Once we have linked our computer to the microcontroller via the connections we discussed earlier, we need to be able to send instructions to it through our code. In our project that we shall use for our Image Processing application in robotics, we have to include files and use certain functions for starting the serial communication device, and then sending data to the microcontroller through the device. We use files that have already been made for this purpose. These are:
- tserial.h – A header file for starting the serial device
- tserial.cpp – The C++ program that actually initializes the device
- bot_control.h – The file which contains the definitions of the functions which shall be used for the purpose of serial communication [send_data(), startDevice(), stopDevice() etc]
These files are available for download from our website. After being downloaded, they need to be included in the Visual Studio project you are using. What you need to do is gather all these three files in a directory and add the path of that directory in Project->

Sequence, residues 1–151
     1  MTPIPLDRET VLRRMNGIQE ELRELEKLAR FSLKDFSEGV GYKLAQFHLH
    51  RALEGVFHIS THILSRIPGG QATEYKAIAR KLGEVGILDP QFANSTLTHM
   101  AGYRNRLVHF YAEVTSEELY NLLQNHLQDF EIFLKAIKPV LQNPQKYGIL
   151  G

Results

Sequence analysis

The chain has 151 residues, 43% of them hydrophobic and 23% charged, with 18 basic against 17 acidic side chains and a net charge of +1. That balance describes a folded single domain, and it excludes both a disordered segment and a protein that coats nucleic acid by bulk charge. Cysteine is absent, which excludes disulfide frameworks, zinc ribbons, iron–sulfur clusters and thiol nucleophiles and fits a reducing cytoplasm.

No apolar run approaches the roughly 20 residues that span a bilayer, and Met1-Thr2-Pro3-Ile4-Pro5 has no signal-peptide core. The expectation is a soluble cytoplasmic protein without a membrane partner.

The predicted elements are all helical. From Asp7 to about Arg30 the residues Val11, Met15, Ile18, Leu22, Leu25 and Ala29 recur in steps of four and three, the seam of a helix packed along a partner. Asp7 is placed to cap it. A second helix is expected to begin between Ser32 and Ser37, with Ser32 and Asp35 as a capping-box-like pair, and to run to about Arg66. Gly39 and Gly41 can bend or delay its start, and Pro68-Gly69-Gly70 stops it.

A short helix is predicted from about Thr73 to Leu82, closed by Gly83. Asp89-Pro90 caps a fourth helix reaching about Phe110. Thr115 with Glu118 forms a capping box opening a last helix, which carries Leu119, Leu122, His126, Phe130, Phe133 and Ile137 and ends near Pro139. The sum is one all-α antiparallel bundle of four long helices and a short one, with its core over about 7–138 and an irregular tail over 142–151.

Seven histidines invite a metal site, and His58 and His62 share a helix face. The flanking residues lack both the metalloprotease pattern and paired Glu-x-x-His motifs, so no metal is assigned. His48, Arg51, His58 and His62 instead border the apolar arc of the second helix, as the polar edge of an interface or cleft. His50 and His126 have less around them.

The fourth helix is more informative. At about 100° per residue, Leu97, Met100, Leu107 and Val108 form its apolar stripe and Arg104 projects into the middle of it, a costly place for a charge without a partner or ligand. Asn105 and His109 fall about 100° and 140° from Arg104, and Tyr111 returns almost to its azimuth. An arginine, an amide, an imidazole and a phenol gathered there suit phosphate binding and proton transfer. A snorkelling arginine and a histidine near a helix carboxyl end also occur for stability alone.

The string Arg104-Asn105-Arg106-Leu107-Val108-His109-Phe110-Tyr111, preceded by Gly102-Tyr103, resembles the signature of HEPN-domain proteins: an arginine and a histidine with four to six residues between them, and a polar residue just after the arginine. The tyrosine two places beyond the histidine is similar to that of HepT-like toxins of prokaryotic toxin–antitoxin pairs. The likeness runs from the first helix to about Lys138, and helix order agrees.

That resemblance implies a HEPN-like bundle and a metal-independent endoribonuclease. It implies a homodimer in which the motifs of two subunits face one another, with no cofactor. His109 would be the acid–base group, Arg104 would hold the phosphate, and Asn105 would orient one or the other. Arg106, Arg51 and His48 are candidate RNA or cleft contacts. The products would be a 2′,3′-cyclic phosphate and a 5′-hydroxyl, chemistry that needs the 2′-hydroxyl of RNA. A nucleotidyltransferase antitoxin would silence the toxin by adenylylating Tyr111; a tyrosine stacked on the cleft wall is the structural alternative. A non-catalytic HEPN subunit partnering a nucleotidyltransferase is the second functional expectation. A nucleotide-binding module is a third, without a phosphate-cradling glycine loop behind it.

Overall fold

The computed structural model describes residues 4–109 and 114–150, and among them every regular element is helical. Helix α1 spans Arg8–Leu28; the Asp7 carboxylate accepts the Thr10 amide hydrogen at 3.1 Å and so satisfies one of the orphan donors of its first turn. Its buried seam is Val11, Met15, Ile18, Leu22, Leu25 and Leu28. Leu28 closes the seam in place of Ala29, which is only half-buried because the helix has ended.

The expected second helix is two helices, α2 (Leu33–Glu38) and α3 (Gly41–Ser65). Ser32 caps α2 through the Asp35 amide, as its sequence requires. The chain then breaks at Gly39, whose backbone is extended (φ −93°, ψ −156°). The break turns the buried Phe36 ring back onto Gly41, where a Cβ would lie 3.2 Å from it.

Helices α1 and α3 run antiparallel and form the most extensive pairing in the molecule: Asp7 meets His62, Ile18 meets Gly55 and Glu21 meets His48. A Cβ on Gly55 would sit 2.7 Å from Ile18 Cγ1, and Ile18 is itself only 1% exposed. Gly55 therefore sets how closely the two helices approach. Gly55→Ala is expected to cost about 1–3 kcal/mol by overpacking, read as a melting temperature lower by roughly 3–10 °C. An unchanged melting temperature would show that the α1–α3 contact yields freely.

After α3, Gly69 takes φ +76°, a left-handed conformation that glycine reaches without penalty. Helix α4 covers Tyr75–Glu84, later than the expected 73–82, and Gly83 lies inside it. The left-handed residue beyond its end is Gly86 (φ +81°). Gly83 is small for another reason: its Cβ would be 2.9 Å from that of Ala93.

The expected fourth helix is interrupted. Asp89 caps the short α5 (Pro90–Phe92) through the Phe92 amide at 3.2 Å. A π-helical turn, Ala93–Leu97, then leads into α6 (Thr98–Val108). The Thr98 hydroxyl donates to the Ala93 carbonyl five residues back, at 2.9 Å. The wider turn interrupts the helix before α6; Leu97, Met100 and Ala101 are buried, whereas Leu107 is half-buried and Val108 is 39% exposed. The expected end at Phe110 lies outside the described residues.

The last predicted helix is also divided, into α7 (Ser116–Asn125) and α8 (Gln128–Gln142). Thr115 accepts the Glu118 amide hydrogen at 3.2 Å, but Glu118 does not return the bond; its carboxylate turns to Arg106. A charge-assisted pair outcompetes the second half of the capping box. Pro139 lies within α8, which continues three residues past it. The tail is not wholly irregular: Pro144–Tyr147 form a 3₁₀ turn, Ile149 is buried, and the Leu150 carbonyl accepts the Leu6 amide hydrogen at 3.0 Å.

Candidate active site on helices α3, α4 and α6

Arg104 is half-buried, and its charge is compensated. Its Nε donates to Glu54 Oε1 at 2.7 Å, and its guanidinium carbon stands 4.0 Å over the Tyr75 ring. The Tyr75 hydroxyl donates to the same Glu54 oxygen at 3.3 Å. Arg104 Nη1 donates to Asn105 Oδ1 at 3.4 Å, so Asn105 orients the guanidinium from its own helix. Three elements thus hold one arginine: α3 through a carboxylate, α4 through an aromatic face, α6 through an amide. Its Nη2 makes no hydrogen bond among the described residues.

The program below is a standard one which shows how to send characters through the serial communication device, via the code in your Visual Studio project.
Understanding the Code
The initial directives at the top are necessary for properly using the various functions for serial communication. In this program there is no image processing part, but in the final project you use, you will have to include these directives along with the ones you have done for accessing the OpenCV library. The variable comm is an object of the class serial, which is defined in the bot_control.h file. This class has the member functions which we need to access for starting and closing the communication device, among other tasks.